Saturday, January 19, 2013

Manti Te'o and the Hoax

When Deadspin broke the Manti Te'o girlfriend hoax story, the internet and more notably Twitter exploded in shock. Was Te'o fooled? Or was he a part of it? We'll likely never know the full truth. But the Te'o story further showed how ridiculous instant reactions can be in the world of sports. Social media allows us to react to something in real time, which is great for certain things. However, people will routinely comment about how bad "team x" is playing and that they're going to lose, when the game is in the first quarter or first period.  One of my Facebook friends, who I won't mention by name, had a status update in the third quarter of the Seahawks-Falcons game last weekend. It basically said "This game sucks. Good thing there's other stuff on TV later."

He wasn't wrong; the game to that point had been utterly boring. But, of course, the fourth quarter comeback that Seattle mounted followed by Atlanta's game winning drive made it a fantastic game in retrospect. That's one example from one of the most recent sporting events--which just proves that everyone everywhere constantly lets their feelings be known via Social Media. Instant reactions in the sports world have a good chance of making people look foolish as little as an hour later, and I think we'd all be wise (myself included) to be more patient with our own "analysis." 

Anyway, the point is peoples Twitter reactions to the Manti Te'o story were both hilarious and alarming. My favorite tweet was from Stephen Douglas who writes for The Big Lead:


That was almost immediately after the Deadspin story broke (within the hour) but it's just perfect. Absolutely hilarious.

The general consensus seemed to be that if Te'o was behind the hoax, it was a bigger deal than if he was tricked. At first glance, that makes perfect sense. If Te'o was a victim of a hoax, how could that possibly make him look worse than if he was the perpetrator of said hoax?

As always, though, things at first glance don't always turn out to be true. As time continues to pass, more and more details emerge about the hoax, when Te'o allegedly found out, what he said after he found out, etc. One of the first known facts, though, was that Te'o decided to play a game against Michigan State the same day his supposed girlfriend was being buried. He's mentioned before that she told him not to miss a game for her funeral, and the topic has been covered over and over again by writers across the country. By itself, missing the funeral is definitely odd but not completely out of the question. Everyone handles grief differently, and while people keep portraying it as "just a football game" there's no way that's how Te'o saw it. Football is his life, and the Michigan State game was the biggest game to that point in his life.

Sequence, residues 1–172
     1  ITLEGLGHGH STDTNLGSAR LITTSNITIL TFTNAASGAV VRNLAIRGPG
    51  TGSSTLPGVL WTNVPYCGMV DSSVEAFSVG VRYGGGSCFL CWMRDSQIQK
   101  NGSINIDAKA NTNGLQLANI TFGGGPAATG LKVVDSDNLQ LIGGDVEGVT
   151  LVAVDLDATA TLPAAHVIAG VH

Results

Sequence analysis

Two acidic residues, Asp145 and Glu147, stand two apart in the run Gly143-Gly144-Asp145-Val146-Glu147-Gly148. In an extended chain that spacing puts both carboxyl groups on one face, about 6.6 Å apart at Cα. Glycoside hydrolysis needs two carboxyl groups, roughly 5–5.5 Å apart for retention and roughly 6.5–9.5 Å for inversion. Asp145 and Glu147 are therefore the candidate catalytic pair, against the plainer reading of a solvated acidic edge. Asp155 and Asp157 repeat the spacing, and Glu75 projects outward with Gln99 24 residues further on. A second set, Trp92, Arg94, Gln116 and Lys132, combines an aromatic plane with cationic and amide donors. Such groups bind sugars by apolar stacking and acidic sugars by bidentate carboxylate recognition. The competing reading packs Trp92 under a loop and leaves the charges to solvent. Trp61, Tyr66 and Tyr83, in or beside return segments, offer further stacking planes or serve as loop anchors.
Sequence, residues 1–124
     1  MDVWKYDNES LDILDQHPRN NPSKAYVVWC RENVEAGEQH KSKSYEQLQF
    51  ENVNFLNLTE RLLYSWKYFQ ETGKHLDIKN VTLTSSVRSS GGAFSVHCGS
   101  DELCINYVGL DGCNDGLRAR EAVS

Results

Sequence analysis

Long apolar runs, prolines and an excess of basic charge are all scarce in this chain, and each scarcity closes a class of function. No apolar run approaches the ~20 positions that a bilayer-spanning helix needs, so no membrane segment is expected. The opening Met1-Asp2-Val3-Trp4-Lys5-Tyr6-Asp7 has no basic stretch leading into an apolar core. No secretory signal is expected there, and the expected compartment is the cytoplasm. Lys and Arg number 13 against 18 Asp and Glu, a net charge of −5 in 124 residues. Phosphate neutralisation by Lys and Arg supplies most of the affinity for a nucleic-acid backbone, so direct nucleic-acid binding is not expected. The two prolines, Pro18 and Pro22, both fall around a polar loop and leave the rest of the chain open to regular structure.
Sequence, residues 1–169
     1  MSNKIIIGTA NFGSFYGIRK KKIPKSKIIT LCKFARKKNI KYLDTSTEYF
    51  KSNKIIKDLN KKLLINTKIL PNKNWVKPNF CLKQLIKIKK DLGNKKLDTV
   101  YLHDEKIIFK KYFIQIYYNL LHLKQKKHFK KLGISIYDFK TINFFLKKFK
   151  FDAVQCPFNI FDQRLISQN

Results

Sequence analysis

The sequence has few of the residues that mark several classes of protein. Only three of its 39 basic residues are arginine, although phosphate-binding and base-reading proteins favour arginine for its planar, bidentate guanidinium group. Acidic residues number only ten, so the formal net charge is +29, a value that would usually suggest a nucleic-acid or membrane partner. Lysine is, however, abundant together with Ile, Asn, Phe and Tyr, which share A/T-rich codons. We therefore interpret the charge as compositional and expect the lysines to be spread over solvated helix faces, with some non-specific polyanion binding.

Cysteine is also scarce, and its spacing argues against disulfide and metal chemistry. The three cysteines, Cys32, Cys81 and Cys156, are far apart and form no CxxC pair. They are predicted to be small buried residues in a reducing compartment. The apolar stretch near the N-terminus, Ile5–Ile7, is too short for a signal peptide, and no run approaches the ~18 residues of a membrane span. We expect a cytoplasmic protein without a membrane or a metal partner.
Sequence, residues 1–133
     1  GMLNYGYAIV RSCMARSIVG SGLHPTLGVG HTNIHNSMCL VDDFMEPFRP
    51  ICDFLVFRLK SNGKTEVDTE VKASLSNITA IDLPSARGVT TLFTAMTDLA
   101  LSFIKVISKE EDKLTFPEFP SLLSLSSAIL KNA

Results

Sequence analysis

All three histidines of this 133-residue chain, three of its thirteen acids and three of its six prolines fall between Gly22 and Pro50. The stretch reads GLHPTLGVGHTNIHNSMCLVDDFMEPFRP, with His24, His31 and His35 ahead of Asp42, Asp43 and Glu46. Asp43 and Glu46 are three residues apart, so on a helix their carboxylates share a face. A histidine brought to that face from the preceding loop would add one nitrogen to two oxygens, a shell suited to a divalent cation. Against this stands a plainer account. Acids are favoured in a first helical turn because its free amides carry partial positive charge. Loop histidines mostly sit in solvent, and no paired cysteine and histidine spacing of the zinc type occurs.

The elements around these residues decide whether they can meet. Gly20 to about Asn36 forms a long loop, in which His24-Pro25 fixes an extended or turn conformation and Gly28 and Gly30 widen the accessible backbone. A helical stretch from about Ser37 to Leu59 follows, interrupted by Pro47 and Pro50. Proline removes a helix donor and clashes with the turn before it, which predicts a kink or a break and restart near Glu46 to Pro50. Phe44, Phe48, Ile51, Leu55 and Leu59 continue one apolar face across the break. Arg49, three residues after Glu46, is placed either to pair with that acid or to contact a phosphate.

But it gets a lot worse as you dig deeper into the story. Te'o admitted to Jeremy Schaap on Friday that he'd never actually met his girlfriend in person, and that he "kind of tailored his stories" when talking about her, which to non-psychopathic people is called lying. 

Here's my point: If Te'o truly thought this online girlfriend was a real person, EXPLOITING HER LEUKEMIA, HER DEATH, HER FUNERAL AND HER FAMILY when he clearly wasn't anywhere as close to this girl as he tried to let on to Sports Illustrated, he's a fucking asshole. He makes Ben Roethlisberger and Kobe Bryant look like Tim Tebow. Think about it for a moment; here's a 21-year-old kid who played up his DYING GIRLFRIEND, despite never meeting her in person. 

Meanwhile, if he was behind the hoax or at least part of it, what's the real crime? That he and another college-aged kid duped an absolutely idiotic media? That his fake girlfriend's death tricked people into donating money to cancer research? Yes, if he was behind it at all it's weird, stupid and immature, no doubt. But that is a million times better than EXPLOITING A DYING GIRL'S ILLNESS FOR YOUR OWN PUBLICITY. That's what Te'o is ultimately admitting to when he says he was a "victim of a hoax" and he "kind of tailored his stories." 

So yes, immediately everyone thought the best result for Te'o would be that he wasn't behind it. But if he wasn't, people need to recognize it means he thought this girl was real, which means he was completely fine exploiting her illness despite not being all that close with her because HE LIKED THE PUBLICITY. (If you've never met someone in person, EVER, you shouldn't do a Sports Illustrated interview about her death.)